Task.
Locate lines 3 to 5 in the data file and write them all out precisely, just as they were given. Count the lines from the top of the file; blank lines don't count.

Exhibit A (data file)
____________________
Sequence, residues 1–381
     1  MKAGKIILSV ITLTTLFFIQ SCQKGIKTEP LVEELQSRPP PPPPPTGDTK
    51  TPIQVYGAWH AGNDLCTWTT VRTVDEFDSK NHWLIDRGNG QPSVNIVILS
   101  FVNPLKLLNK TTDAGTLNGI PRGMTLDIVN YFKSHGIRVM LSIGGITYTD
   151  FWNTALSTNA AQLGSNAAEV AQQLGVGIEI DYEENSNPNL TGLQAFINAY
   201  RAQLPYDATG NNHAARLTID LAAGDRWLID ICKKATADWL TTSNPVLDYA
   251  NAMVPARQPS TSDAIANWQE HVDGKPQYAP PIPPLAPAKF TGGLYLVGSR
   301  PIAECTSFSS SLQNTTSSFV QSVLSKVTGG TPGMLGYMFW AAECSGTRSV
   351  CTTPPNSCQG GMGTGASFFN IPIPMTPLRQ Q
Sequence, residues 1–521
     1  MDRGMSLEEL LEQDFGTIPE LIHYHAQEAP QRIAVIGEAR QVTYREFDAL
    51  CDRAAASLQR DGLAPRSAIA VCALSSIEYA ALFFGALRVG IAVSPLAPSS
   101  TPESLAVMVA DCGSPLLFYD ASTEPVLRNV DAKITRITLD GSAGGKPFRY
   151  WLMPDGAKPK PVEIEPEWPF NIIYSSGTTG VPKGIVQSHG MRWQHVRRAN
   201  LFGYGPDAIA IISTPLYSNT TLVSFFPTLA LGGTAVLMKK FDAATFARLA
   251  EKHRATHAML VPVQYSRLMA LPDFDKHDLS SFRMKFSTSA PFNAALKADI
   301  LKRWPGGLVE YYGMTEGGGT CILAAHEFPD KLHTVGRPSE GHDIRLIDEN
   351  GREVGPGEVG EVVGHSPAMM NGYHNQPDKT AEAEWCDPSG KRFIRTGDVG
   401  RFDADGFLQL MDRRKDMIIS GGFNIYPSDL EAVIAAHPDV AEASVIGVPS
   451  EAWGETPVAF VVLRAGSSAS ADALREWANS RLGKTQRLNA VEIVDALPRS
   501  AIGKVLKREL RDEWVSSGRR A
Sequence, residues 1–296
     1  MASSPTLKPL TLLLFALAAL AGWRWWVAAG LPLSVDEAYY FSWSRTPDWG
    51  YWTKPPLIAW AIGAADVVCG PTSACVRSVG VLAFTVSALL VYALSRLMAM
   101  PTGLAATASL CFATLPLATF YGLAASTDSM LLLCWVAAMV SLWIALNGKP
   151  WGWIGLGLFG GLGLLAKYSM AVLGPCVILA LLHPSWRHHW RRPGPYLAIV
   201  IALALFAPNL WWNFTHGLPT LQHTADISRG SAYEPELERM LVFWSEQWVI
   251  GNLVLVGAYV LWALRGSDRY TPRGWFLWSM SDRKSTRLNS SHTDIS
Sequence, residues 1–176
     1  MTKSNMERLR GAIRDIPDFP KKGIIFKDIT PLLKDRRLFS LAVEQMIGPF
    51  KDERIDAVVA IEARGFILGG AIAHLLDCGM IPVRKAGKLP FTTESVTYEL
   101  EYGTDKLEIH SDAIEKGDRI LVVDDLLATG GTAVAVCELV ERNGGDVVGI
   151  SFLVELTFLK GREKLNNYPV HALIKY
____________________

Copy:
    51  TPIQVYGAWH AGNDLCTWTT VRTVDEFDSK NHWLIDRGNG QPSVNIVILS
   101  FVNPLKLLNK TTDAGTLNGI PRGMTLDIVN YFKSHGIRVM LSIGGITYTD
   151  FWNTALSTNA AQLGSNAAEV AQQLGVGIEI DYEENSNPNL TGLQAFINAY